How to use a social media influencer for your small business marketing: An interview with Alex Shebar

Image by Gerd Altmann from Pixabay

By Michelle van Schouwen

Social media influencer marketing involves engaging with professional social media users or bloggers with engaged followers, who can help popularize, endorse, and promote your product or service. Done right, it can yield outstanding results.

For a small business, choosing the right type of influencer is key. You don’t need – and likely can’t afford – a celebrity or famous opinion leader. But not to worry. Small businesses have great choices. To learn more about how to do social media influencer marketing right, I interviewed Brooklyn-based Alex Shebar, whose tens of thousands of loyal followers trust him on matters including (but not limited to) the best of food, squeezing the best out of NYC living (even without breaking the bank), travel, events, and myriad good-humored stories and tips for living well… whether you are a person or that person’s beloved dog. Plus, he runs influencer campaigns, and is always ready to help businesses develop them.

Alex, how does a small business owner figure out if influencer marketing is right for the company?

AS: Traditionally, you’re looking for a B2C business for an influencer campaign. You MAY be okay as a B2B but you’re going to have to choose influencers who are embedded deeply into your business niche to make a dent. It’s much easier to approach it on a level of “You’re selling, let’s find people who are buying.”

Can a small business get a decent return on investment with influencer marketing?

AS:  think influencer campaigns are great for most B2C businesses as long as you realize that it can’t be your only marketing strategy. You can make $6.5 for every $1 you spend with influencer marketing, according to AdWeek, but you have to do it right.

So, let’s talk about doing it right. How can a small business owner choose the right type of social media influencer?

AS: Do your research, find influencers who are interested in your industry and focus on them. DO NOT pick influencers who are popular for popularity’s sake, or worse, outside of your niche. Sure, they may look great, but if they’re mostly about designer fashion, are they going to help sell your clever t-shirts? Probably not.

How can a business owner discern whether particular influencers are successful for their clients?

AS: Look at the engagement of these influencers. See how many likes and comments their posts are getting. And before you work with them, ask them to send you their metrics so you can see even more metrics (where their followers are based, age, etc… all the things that matter when trying to figure out if your product is a good match for this influencer to advertise). Follower count doesn’t really matter as much as it once did (for example, since Instagram changed its algorithm about who sees what). Make sure they’re actually engaged with their community.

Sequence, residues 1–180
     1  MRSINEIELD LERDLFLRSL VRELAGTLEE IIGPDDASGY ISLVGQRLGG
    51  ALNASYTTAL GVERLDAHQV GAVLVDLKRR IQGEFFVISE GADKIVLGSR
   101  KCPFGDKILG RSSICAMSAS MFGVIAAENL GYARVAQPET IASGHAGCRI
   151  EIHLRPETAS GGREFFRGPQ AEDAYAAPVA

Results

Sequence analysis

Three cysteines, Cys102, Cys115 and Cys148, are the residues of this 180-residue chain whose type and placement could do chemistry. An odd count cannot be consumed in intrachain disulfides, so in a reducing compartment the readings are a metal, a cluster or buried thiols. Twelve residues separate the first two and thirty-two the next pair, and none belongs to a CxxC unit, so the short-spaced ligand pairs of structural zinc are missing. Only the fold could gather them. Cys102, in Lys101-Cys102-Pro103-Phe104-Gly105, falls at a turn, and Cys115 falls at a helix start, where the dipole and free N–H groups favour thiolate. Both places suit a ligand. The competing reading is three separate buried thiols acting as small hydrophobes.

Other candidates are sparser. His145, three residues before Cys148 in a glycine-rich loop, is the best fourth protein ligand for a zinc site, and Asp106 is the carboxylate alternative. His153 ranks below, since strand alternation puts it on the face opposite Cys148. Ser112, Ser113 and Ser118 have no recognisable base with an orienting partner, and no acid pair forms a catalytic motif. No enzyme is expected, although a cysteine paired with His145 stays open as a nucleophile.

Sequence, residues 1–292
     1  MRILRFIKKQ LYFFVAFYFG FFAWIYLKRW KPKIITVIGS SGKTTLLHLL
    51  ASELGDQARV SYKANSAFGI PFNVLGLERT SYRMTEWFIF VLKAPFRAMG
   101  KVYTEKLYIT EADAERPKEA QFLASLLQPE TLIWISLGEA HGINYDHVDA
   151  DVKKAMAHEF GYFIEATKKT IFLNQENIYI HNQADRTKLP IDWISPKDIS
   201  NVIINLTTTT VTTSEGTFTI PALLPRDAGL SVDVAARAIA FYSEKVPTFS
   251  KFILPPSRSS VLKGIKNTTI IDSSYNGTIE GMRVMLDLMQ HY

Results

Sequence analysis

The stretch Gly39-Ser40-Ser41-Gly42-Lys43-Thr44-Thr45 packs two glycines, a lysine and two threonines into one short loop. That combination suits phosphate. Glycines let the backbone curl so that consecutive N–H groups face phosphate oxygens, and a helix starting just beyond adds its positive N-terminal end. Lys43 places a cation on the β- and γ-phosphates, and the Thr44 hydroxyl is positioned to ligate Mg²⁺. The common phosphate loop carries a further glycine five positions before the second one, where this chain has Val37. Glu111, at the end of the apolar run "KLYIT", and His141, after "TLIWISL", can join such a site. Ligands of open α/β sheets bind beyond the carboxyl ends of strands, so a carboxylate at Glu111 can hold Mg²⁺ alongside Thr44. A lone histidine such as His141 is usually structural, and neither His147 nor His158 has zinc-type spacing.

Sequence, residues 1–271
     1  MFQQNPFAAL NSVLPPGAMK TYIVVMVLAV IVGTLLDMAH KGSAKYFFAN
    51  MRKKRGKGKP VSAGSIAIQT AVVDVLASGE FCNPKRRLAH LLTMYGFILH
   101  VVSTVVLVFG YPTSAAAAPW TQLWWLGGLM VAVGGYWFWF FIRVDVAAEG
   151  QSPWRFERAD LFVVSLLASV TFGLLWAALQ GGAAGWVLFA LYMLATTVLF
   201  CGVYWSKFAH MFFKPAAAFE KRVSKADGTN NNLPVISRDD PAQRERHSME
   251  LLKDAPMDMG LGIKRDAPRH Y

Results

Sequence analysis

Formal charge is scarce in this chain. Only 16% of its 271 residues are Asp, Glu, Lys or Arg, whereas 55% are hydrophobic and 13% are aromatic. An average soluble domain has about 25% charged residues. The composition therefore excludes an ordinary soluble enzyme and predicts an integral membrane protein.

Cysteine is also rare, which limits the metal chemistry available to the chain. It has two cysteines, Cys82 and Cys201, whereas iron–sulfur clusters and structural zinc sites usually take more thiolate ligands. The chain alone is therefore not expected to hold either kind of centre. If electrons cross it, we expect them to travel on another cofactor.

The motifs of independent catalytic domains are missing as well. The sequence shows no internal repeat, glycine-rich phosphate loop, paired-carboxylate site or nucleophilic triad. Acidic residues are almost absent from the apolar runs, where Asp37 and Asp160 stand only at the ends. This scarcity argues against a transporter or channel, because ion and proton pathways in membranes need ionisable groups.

We probably already know the answer, but is influencer marketing a viral deal… where a client might sponsor an influencer post or two and watch sales take off?

AS: The old adage is that it can take six to eight times for someone to see a brand before they finally purchase. This is exceptionally true in the influencer world. Too many businesses go in expecting to make a ton of money after working with one influencer once but that’s a rare occasion. Usually, it’s part of a targeted strategy that has multiple points of marketing where things work best! Remember that influencer campaigns are just ONE part of your marketing strategy.

(Readers, I agree. Keeping up the drumbeat is key in nearly all marketing. See also: “When it comes to your message, how much is enough?”) But that leads me to a tough question: What if a small business owner wants to give influencer marketing a try, but doesn’t have much for a budget?

AS: There are a bunch of micro-influencers (usually under 10,000 followers) who may be willing to work for product trade as they grow but remember, for a lot of them, this is a side hustle, if not a real business. In my experience, it takes a little bit of budget to create content that really makes an impact. Any eyeballs on your product is a great thing, true, but if you’re going to do it, it’s great to do it well.

Can you share an example of a great small business influencer campaign?

AS: For a great example of a small business doing influencer campaigns well, check out Swisspers “Sleep Naked” campaign. Swisspers, a U.S. Cotton brand, ran a campaign working with beauty bloggers, encouraging them to post “naked” (makeup-free) selfies as part of a “Sleep Naked” sweepstakes. This was already a trend going on with bigger celebrities that they were able to work into their own campaign and content and really create a great effect. Sometimes you don’t have to reinvent the wheel as much as use it to create natural, authentic and organic trends.

Thanks, Alex Shebar, for sharing your experience and wisdom with Succeeding in Small Business. Examples of Alex’s influencer campaigns can be seen at and


Michelle van Schouwen is principal of Q5 Analytics, providing advocacy and communications for climate change mitigation and adaptation. See Q5 For 32 years, Michelle was president of van Schouwen Associates, LLC (vSA), a B2B marketing company. In 2017, van Schouwen Associates was acquired by Six-Point Creative Works, Inc.  of Springfield, MA. Michelle is available for speaking engagements on topics including her work on climate crisis mitigation and Florida coastal water issues. She speaks to business and student groups about marketing launches and entrepreneurship and works with start-ups to support their development.

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